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One on One: Nidhi Turakhia, Allied Alloys (Houston)

One on One: Nidhi Turakhia, Allied Alloys (Houston)

SEPTEMBER/OCTOBER 2020

One on OneHow did you enter the recycling business? I started at a very young age going to my dad’s scrapyard, then I would go next door to take horseback riding lessons. I was always so in awe of all the heavy equipment and metals that were around, even as a preteen. In high school, he hired me as an intern during the summers, and I learned export/import documentation and all that it entails. I jumped in full time the day after I graduated from college, and I have not looked back since.

Did you ever consider doing anything else for a career? Yes, I wanted to be a criminal lawyer, like the ones you see on TV. I sat for the LSATs and even applied to law school. I am happy that friends of mine who are lawyers talked me out of it. They said it’s nothing but paperwork, and it’s nothing like what you see on TV.

What do you like most about the recycling industry? I love all the different personalities I have encountered in this industry and the stories of where people came from and how they started. It’s not taught in school, so it’s fascinating to hear how others began. I also enjoy the fact that no day is the same [as the last]. We ebb and flow with the commodity markets and have our ups and downs, which is a welcome challenge.

What do you like least about the industry? When the markets suck, it makes it tough for everyone. For us, even if nickel [prices are low], we are OK with that as long as it is stable.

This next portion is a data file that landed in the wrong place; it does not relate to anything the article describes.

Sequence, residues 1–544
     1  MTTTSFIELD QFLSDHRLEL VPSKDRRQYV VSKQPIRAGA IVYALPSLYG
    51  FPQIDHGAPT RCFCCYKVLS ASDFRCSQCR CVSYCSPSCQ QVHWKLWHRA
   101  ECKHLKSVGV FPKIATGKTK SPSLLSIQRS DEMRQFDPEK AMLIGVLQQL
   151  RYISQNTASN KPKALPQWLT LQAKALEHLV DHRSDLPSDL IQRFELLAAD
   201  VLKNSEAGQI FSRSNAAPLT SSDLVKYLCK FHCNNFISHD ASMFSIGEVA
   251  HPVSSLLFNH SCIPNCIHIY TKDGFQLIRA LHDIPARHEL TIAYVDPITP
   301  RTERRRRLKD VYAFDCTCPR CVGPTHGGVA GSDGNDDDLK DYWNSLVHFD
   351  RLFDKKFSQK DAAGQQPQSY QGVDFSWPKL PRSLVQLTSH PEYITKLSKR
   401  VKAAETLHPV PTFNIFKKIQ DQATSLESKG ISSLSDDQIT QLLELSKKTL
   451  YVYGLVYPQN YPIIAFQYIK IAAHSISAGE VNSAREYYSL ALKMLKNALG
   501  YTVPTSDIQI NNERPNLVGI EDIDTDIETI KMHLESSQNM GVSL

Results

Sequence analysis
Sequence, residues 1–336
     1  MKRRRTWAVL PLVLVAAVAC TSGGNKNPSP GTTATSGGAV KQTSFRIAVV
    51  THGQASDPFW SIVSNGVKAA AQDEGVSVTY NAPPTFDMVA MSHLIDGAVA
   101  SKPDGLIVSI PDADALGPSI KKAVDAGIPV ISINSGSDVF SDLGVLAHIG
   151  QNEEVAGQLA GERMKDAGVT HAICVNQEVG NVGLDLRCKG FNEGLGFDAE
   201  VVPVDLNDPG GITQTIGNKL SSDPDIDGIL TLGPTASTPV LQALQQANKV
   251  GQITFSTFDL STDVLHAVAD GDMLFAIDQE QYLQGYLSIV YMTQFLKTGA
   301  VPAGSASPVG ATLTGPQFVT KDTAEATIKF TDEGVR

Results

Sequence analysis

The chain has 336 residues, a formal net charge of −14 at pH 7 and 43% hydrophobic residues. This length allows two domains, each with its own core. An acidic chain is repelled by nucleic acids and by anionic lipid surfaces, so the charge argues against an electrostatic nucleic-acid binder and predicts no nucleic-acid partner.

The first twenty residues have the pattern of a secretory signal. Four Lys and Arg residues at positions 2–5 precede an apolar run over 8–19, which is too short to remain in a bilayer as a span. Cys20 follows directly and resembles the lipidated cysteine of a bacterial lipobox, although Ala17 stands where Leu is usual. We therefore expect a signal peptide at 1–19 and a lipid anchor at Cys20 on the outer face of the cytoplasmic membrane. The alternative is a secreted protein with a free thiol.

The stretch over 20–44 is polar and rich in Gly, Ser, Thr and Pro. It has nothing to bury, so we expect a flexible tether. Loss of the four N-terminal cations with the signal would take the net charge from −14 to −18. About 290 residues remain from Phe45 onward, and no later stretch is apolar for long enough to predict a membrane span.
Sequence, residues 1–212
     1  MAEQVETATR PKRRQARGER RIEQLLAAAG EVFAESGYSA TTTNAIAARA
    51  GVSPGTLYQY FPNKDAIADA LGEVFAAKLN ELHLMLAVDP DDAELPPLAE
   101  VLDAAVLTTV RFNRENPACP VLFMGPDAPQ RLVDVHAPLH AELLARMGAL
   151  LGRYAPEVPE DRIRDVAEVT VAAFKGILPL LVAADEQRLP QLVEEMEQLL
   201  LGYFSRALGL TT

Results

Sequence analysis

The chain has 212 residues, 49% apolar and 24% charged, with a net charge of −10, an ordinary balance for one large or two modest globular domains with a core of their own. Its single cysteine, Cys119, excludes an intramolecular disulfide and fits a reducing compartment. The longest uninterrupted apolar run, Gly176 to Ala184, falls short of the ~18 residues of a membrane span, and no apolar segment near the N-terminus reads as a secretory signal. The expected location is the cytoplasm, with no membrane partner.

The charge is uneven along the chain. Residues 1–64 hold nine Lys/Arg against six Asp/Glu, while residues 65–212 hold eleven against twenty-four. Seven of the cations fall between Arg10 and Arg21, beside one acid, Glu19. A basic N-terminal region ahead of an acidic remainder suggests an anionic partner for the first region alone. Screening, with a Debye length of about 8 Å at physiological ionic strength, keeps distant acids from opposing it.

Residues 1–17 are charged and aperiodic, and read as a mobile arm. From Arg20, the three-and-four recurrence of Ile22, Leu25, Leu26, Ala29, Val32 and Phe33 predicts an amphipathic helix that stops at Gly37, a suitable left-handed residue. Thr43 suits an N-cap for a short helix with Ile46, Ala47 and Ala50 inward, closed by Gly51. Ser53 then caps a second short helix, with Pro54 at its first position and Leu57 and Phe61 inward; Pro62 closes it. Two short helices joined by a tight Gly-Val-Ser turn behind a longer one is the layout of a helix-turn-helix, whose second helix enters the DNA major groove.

What’s the biggest business challenge facing your company? COVID-19 is the biggest challenge we’re facing right now. How we’re all going to come out of this is extremely unpredictable, and that’s scary. I’ve seen predictions that 25% of all transportation companies and 20% of all metal-related companies will not make it through this. Those are numbers no one wants to hear, and I truly hope that does not come true.

How would you sum up your business philosophy? I believe in being proactive rather than reactive. Let’s stay ahead of the curve so we don’t have to constantly put out fires.

What are the keys to success in the recycling industry? Hire the right talent: Make sure you have the best team around you possible, and show how much you value your employees. Stay innovative and make sure you and your company are agile enough to steer the boat in the direction needed. And communicate effectively and educate those in and around your company because knowledge is power.

What lessons have you learned about business in your career? Thanks to COVID-19, I’ve learned what business agility means, and the value of technology. It was refreshing to see the shift from in-person meetings to video conferencing, to see that you don’t always have to conduct business in person. Even though we miss the social interaction, members of my team have learned new technology that they otherwise might not have used.